Plenzler


Stanley Mruk is another child of Margaretha Plenzler and Michael Mruk. He was their second child, first son. See previous posts regarding Margaretha and Michael here and here.

While researching the offspring of Margaretha and Michael, I had come across some of their immigration data. Stanley had immigrated with his parents to the US via the ship, Rhaetia of the Hamburg Passenger lines that departed from Hamburg on May 28, 1884.  This manifest lists these children for Margaretha and Michael upon departing Hamburg in May 1884:

  • Tekla (b. 1873)
  • Stanislaus (Stanley) (b. 1876)
  • Kazmierez (b.1877)
  • Marianna (Mary) (b. abt. 1879 per the manifest)
  • Kath.a (possibly Katharina) (b abt. 1880 per the manifest)

I have not yet found a record for a  Kazmierez  born about 1877 (although they did have a child named Kazmierez, see below) or a child with a name similar to Katha/Katharina. So this data is rather confusing. It’s quite possible that Michael and Margaretha lost children between the period of their arrival in1884 and the 1900 census or there are two adult children about the time of the 1900 census that had been married and were living elsewhere.  More research on this is needed–are there two more children to be discovered of the marriage between Michael Mruk and Margaretha Plenzler?

Stanley was born about 1876 in Wiorek, Poznan, Poland, and emigrated here with his parents about 1884 per the 1900 census. He married Victoria Andrejewski in June 1903 per a marriage record from St. Anthony’s parish. The record for this marriage is sparse, just a notation that the marriage occurred. Stanley and Victoria were residing at 1236 Nebraska at the time of the 1910 census.  The 1920 census and 1930 census lists the family at 1275 Vance St.

Stanley and Victoria had eight children that I could locate:

  1. Martha b. 1904, d. 1905 (baptismal record here from St. Anthony’s Parish, death record here from St. Anthony’s, burial record here from Calvary Cemetery)
  2. Felix b. 1905, m. Julie Swickheimer 1 October 1925 in Michigan, d. 1971 (baptismal record here from St. Anthony’s Parish, Toledo Blade obituary dated 10 August 1971 here)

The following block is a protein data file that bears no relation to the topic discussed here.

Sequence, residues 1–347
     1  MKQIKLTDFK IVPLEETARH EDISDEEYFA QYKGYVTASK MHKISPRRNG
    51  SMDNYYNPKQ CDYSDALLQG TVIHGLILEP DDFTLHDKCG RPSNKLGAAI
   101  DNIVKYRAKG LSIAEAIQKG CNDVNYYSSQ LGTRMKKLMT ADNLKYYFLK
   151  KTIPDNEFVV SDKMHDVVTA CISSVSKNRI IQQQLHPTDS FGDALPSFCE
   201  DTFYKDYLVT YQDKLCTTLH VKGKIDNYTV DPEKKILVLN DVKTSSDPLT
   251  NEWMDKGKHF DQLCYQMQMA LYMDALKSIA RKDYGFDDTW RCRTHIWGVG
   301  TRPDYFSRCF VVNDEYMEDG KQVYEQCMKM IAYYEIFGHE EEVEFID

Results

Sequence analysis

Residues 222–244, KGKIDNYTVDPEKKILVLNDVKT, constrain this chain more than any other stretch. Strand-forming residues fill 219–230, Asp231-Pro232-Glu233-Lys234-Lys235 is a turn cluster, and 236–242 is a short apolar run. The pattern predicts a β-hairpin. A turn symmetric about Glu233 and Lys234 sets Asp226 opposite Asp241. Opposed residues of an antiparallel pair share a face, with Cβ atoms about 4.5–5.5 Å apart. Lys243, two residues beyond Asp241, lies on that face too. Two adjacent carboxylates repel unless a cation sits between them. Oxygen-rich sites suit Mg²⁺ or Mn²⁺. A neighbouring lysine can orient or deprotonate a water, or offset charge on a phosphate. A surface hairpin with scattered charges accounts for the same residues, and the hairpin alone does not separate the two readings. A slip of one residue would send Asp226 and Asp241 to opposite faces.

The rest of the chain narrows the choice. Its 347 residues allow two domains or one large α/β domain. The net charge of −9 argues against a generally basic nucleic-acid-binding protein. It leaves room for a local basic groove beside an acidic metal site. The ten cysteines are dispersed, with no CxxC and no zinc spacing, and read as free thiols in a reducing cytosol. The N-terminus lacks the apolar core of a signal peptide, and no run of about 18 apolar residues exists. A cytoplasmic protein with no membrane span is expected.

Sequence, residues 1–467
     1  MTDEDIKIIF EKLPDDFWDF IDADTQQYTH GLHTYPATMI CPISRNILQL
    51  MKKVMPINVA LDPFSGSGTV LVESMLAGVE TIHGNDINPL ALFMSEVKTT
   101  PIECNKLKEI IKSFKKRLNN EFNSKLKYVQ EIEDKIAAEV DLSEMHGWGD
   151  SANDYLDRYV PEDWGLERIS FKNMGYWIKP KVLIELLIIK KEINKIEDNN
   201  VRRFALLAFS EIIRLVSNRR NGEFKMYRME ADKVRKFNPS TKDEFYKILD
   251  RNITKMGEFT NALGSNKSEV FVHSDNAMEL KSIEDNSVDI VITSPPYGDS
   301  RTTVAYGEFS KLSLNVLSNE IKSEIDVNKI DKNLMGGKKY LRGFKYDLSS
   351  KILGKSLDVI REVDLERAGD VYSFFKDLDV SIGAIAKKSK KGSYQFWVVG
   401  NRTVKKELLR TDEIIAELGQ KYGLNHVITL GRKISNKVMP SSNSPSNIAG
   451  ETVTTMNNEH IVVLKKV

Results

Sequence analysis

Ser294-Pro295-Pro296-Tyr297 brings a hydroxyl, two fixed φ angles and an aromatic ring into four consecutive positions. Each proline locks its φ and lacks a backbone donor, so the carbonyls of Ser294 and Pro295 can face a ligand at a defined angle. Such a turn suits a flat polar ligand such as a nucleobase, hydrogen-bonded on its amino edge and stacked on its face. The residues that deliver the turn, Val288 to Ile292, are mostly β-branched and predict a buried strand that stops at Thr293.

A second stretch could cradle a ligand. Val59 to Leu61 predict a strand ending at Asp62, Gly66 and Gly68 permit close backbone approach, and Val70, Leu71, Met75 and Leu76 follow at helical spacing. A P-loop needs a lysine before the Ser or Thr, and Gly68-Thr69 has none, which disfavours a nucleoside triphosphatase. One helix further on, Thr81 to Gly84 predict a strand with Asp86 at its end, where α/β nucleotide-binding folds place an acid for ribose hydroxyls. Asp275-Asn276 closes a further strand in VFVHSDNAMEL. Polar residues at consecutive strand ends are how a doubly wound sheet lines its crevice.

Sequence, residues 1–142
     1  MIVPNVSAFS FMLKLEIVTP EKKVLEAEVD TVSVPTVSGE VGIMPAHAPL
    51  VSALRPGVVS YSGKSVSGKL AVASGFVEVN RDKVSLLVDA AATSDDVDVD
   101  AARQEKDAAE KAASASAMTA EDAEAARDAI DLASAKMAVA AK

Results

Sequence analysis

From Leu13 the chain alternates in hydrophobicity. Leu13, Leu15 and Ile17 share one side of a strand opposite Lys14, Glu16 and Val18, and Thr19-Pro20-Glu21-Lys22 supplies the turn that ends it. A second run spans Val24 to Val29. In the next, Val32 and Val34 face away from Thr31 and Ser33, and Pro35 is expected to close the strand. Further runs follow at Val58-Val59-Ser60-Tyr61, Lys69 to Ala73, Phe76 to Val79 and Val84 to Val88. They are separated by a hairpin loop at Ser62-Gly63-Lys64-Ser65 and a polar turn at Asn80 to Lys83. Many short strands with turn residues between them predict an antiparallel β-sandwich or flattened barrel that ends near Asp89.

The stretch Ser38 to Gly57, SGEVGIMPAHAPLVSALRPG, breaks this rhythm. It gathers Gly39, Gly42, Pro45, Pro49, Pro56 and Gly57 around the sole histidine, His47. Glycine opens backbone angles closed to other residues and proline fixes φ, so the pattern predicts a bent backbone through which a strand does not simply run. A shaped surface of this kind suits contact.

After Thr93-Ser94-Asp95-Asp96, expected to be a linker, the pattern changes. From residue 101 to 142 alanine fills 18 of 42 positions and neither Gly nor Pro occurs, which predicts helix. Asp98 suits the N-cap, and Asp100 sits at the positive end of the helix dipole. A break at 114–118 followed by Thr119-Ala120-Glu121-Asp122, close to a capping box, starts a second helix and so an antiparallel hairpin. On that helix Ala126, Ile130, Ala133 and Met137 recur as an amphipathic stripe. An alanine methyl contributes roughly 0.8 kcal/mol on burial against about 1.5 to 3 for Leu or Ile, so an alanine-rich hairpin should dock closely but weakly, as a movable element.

3. Veronica b. 1908, d. 1995 (married a Christel, but have no records for Veronica yet)
  4. Joseph, b. 1910, d. 1988 (Toledo Blade obituary dated 25 September 1988 located here)
  5. Mary b. 1912, d. 1996 (married a Palicki but have no records for Mary yet)
  6. Kazmierez, b. 1915, d. 1917 (Ohio Death certificate here)
  7. Agnes, b. 1918, d. 1996 (married a Nadolny, but have no records for Agnes yet)
  8. Frank, b. 1921, d. 1927 (Ohio Death certificate here)

Victoria died 30 January 1939 per her Ohio Death Certificate. Her death record through St. Anthony’s parish is located here and transcribed below:

1939
Date of Death and Burial: Jan. 30th, Feb. 3rd
Name of Person Interred: Victoria Mruk
Place of Birth: Poland
Age: 55
Priest: F.S. Legowski
Cemetery: Calvary

Victoria was buried in Calvary Cemetery. Transcription of the burial record is below:

No. 39180
Name Wikotrya Mruk
Residence 1275 Vance
Age 55
Cause of Death Heart disease
Date of Interment Feb. 3
Grave 1120
Range or Lot 6
Section 40
Undertaker Sujkowski & Son

Stanley died 3 May 1945 and his Ohio Death certificate is located here. He was buried through Nativity Parish. The burial record through the church is transcribed below:

1945
Name of Deceased: Mruk Sta.
Age: 69
Date of Death: 5-4
Place and Date of Burial: 5-7

Stanley’s obituary was published in the Toledo Blade on 4 May 1945. I’ve transcribed the obituary below as best as possible (bad photocopy):

Stanley Mruk died yesterday in the home of his daughter, Mrs. Agnes Nadolny of 1010 Indiana Ave. after an illness of several weeks. He was 69. Mr. Mruk came here from Poland 62 years ago.

Also surviving are sons, Felix, and Pvt. Joseph, with the army in France, daughters Mrs. Veronica Chr??? and Mrs. Mar? P???, bothers, Casper and Marin and J???, sisters Mrs. Proxida Gurzynski and Mrs. Ste??? Staniszewski and four grandchildren.

Services will be at 8:30 a.m. Monday in the Steve Gasiorowski Funeral Home and at 9 a.m. in Nativity Church. Burial will be in Calvary Cemetery.

Stanley was interred in Calvary Cemetery. The burial record is transcribed below.

No. 45226
Name Stanley Mruk
Residence Toledo
Age 69
Cause of Death Cancer
Date of Interment May 7
Grave 446
Range or Lot 10
Section 41
Undertaker S. G. Gasiorowski

I was reviewing some of the marriage records I’d received through the Poznan project to see what clues I could find to discovering family members or insights on the family relationships for the Plenzlers.

While reading the marriage record from Głuszyna for Joseph Plenzler and Mary Leseicka, I discovered two things:

  1. The marriage was witnessed by Andreas Plenzler. The record indicates clearly that Andreas is a brother to Joseph. (“Frater”–brother in Latin.)
  2. There is a record of a Martinus Plenzler marrying Josepha Zyz on the same page. The marriage is record #10 and dated June 9 1851.

    Snippet from marriage record for Joseph Plenzler and Marianna Liseicka